New Technology Has Potential to Save Big Bucks in the Oil Field Disintegrating Frac Balls, Nanoparticles, Refracking and more

THE WOODLANDS, TEXAS – Try your hand at this oil field engineering problem.



You have to get a massive amount of gritty, grimy sand into an oil well – it’s one of the ingredients in the powerful slurry of water and chemicals used to crack open shale rocks two miles underground, a process known as hydraulic fracturing. Can you do it without letting the sand erode the steel in the high-horsepower pumps that blast the mixture into the well?



Give up? The question had bugged Ron Gusek for a decade.



In the Bakken Shale, it takes $6 million a year in maintenance and repair costs to keep a frac fleet of trucks and pumps up and running, leaving North Dakotan oil field workers no choice but to replace broken valves and other pump components every four days.



Gusek says his company, Liberty Oilfield Services, is a month or two away from bringing a new technology to market that could fix that problem. It is planning to deploy a trailer carrying a heavy tungsten carbide-built pumping system that will allow sand to bypass the high-horsepower charge pumps and only mix with water and chemicals in an outside blender before shooting through tungsten carbide tubes — many times stronger than steel — and into the well.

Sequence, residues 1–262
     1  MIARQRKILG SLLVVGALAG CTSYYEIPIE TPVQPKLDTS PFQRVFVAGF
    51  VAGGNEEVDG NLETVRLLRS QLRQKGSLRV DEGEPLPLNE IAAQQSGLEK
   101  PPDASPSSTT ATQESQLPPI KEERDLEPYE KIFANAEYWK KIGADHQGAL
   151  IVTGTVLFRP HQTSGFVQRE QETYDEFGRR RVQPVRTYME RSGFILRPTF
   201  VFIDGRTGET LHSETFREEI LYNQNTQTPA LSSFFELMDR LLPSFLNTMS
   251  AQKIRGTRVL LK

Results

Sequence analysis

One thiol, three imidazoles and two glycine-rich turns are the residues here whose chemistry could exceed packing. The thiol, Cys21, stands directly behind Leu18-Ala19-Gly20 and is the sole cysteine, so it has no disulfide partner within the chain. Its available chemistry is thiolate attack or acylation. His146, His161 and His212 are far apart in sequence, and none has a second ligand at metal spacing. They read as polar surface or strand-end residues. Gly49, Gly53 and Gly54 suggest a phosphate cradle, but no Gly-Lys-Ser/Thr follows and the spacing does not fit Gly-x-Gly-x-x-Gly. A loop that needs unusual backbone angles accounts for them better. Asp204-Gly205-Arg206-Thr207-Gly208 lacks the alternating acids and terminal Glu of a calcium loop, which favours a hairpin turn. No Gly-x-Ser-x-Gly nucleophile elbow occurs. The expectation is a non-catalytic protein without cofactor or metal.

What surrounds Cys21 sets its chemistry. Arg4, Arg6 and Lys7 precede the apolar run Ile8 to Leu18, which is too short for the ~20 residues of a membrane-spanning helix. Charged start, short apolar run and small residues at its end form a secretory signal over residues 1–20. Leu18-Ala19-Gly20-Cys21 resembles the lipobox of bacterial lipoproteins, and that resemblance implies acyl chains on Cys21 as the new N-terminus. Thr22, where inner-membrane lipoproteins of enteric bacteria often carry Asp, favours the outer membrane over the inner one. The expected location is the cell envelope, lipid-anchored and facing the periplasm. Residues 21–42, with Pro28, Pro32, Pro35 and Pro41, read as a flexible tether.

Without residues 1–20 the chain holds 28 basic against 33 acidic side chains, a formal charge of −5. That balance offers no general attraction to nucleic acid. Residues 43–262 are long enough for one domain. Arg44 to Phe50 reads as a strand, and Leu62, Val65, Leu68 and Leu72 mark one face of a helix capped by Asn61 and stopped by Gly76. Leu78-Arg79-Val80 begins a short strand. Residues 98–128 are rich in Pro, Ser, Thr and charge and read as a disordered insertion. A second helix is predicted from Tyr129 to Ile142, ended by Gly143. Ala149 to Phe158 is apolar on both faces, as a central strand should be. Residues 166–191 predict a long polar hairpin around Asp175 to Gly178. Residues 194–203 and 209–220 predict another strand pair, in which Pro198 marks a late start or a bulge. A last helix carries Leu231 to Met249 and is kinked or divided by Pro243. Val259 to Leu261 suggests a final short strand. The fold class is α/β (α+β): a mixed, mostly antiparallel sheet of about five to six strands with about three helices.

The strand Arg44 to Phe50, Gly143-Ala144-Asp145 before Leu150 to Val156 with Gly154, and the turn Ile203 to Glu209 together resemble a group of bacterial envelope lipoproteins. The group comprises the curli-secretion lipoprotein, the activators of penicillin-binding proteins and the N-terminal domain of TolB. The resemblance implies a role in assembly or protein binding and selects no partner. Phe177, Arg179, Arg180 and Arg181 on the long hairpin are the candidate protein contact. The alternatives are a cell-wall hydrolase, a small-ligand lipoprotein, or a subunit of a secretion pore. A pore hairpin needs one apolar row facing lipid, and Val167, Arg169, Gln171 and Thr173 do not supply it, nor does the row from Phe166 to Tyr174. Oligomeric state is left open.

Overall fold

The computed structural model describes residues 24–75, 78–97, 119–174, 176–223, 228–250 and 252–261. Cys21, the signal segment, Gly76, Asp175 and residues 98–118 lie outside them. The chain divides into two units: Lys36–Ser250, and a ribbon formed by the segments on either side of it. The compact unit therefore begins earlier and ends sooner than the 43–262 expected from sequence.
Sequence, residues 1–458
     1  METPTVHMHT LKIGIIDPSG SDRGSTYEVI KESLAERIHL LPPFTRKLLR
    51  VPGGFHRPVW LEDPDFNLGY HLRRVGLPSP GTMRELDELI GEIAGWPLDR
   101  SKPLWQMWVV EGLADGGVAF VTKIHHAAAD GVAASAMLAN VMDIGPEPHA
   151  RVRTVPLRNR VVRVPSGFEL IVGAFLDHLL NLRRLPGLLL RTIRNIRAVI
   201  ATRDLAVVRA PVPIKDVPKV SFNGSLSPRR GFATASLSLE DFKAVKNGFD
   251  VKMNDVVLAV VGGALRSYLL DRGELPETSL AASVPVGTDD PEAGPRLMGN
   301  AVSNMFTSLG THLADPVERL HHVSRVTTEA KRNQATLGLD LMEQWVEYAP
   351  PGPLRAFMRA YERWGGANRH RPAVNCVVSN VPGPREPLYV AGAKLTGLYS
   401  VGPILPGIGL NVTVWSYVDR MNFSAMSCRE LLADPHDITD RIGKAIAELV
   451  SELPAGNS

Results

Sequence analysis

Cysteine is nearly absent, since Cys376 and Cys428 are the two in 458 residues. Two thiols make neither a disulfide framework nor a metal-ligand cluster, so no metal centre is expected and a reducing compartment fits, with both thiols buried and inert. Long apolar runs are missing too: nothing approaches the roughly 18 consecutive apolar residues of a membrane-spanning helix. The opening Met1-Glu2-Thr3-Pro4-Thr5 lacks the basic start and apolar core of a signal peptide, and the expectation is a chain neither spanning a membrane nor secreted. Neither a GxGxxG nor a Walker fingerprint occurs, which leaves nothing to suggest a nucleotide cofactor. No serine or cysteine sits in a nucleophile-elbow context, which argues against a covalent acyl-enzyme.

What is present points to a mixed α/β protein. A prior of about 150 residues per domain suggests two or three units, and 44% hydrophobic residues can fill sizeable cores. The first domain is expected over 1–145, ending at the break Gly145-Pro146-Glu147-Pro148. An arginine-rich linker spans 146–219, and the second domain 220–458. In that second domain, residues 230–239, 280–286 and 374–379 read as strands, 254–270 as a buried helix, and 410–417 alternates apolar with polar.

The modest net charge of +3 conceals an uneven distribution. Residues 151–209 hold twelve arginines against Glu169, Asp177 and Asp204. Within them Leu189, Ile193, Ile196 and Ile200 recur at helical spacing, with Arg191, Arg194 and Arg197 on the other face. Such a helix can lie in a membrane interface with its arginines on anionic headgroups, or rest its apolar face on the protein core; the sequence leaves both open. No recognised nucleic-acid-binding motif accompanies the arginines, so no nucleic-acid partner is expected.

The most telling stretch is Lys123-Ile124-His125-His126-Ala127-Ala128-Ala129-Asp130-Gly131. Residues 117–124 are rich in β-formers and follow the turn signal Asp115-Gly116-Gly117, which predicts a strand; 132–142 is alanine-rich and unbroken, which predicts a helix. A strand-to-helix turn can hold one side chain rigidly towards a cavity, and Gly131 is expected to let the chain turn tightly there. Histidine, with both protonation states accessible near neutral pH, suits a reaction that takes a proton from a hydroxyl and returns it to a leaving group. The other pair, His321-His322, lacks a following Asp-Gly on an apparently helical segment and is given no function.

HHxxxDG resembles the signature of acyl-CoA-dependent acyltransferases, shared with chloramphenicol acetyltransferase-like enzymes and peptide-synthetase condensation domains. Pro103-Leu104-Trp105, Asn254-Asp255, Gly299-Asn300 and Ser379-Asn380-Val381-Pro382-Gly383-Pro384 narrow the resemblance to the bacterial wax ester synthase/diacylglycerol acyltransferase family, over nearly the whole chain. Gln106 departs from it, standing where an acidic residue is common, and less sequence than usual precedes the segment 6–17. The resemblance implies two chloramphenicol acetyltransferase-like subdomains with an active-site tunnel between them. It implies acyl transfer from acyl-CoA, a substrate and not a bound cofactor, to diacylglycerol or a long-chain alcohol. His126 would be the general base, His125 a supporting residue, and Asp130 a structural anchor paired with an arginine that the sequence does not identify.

That may cut down on oil field maintenance costs at a time when U.S. shale oil producers are scraping for every pennyafter crude’s seven-month plunge to around $50 a barrel. At a booth in the Society of Petroleum Engineer’s seventh annual Hydraulic Fracturing Technology Conference in the Woodlands on Wednesday, Gusek said the new pumping system won’t be the only new, more efficient technology oil companies need, but it’s another tool that could save them time and money.



“We’ve got to learn how to be able to work with lower and lower oil prices,” Gusek said. It has been done before, Gusek noted: Natural gas prices had sunk to record lows in 2011 and 2o12, but natural gas producers have slowly returned to gas fields as new technologies have crept in to make gas production more profitable at lower prices.



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